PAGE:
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  • Bologna Process


          The Bologna Process is a voluntary higher education reform process, which commenced in 1998/99, with the aim of making higher education systems compliant, and enhancing their international visibility. 2010 has been a milestone for the Bologna Process: At the Vienna-Budapest Ministerial Conference, the European Higher Education Area has been launched.

         The Bologna Process is a rather unique approach to reform and internationalise higher education systems and institutions and establish regional convergence. At its heart is the partnership between national governments. It is not a European Union initiative, but all EU Member States and the European Commission are involved in the Process. Bologna is a voluntary process: reforms are jointly agreed, but implementation is subject to national suzerainty.

        Currently, the Bologna Process has 57 parties: 49 higher education systems in 48 countries the European Commission, and seven Consultative Members. In principal, all countries that are signatories of the European cultural convention are eligible to join the Bologna Process. In addition, representatives of the European Quality Assurance Register for Higher Education (EQAR) participate in Bologna meetings and events.

          The active participation of “stakeholder organisations”, which represent higher education community and society, is an important feature of the process: They are permanent consultative members (i.e. they attend all meetings but do not vote). Along with EUA, which represents the European universities, these are EURASHE(representing professional higher education institutions), the European Students’ Union (ESU), Education International (EI), the European Association for Quality Assurance in Higher Education (ENQA, representing quality assurance agencies), and Business Europe and UNESCO.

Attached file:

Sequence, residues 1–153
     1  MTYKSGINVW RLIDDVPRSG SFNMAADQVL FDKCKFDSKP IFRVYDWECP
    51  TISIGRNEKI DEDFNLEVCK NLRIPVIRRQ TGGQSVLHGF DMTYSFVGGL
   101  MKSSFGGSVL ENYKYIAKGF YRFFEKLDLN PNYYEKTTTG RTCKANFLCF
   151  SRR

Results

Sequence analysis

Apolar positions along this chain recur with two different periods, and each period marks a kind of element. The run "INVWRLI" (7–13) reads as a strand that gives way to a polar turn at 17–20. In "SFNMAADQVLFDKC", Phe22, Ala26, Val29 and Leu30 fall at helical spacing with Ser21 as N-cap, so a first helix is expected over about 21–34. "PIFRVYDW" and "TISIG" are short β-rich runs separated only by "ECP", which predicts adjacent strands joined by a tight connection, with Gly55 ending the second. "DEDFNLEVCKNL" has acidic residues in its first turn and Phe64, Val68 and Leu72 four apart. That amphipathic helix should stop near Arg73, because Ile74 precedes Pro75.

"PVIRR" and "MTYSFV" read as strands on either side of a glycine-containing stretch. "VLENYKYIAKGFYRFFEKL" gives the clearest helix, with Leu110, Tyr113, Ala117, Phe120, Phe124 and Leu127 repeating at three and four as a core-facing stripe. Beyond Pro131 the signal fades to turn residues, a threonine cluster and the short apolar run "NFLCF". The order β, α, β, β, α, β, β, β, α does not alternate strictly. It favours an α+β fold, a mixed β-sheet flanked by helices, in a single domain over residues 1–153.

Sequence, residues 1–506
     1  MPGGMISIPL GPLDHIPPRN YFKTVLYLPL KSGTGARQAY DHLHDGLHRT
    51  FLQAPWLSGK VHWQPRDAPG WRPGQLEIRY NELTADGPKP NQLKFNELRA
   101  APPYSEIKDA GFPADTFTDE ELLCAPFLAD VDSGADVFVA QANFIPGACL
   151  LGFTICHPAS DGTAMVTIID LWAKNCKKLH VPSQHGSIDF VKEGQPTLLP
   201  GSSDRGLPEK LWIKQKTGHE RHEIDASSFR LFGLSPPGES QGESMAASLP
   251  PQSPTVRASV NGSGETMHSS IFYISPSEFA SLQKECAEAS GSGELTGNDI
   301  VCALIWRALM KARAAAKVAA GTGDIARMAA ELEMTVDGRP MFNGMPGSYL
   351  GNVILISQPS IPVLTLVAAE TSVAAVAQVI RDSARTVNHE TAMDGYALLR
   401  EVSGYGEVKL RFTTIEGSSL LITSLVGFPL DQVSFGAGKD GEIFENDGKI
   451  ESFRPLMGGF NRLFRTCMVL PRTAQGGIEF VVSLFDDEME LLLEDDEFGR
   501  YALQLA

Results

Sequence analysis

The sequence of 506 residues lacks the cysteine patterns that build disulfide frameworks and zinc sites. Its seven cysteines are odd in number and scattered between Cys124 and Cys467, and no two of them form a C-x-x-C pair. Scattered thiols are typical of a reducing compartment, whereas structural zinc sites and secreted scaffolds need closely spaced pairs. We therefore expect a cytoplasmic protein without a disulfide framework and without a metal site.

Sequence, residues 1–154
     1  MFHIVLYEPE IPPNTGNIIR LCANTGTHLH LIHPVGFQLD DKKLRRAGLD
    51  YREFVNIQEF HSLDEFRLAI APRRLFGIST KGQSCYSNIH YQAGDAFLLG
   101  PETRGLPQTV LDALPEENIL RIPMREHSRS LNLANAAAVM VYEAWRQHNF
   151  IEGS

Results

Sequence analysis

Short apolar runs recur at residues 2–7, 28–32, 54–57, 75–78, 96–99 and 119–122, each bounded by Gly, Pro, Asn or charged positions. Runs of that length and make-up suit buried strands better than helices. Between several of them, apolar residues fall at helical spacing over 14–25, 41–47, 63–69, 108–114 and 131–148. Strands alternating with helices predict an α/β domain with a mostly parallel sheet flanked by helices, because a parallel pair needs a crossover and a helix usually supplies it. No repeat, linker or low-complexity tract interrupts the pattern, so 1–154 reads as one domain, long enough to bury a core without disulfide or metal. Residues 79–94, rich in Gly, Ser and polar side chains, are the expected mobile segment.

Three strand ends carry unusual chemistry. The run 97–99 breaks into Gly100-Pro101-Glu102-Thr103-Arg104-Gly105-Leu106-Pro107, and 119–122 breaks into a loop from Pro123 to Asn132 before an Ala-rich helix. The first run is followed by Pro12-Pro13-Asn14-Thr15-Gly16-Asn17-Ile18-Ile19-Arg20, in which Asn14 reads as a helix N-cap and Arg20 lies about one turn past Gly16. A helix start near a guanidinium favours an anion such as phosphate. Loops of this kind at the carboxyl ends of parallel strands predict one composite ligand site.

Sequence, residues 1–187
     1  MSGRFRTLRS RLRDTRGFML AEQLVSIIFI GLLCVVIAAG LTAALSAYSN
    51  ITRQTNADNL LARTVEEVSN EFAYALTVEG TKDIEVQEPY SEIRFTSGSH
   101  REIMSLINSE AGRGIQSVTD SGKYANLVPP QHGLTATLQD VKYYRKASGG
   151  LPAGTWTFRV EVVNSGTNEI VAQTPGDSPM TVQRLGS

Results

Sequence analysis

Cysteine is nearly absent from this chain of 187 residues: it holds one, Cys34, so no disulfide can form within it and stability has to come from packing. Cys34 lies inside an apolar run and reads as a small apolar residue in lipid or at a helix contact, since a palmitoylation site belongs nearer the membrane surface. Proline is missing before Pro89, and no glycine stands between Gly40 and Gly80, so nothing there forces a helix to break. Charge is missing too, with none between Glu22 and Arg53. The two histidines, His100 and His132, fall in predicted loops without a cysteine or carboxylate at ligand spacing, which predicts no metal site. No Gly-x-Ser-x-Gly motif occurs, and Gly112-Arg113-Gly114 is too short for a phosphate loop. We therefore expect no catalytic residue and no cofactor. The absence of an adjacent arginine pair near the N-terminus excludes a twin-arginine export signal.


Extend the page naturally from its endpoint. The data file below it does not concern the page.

How did the Bologna Process start?

        The Bologna Process has been started in 1998 (Sorbonne Declaration) by four countries (France, Germany, Italy, the UK). For the first time, the idea to create a joint higher education erea in Europe has happened with this declaration. From 1999, when the Bologna Declaration has been officially launched, more countries joined. The main objectives outlined in this statement were as follows:

    1. adopt a system of easily readable and comparable degrees,

    2. adopt a system with two main cycles (undergraduate/graduate),

    3. establish a system of credits (ECTS),

    4. promote mobility by overcoming legal recognition and administrative obstacles,

    5. promote European co-operation in quality assurance,

    6. promote a European dimension in higher education.




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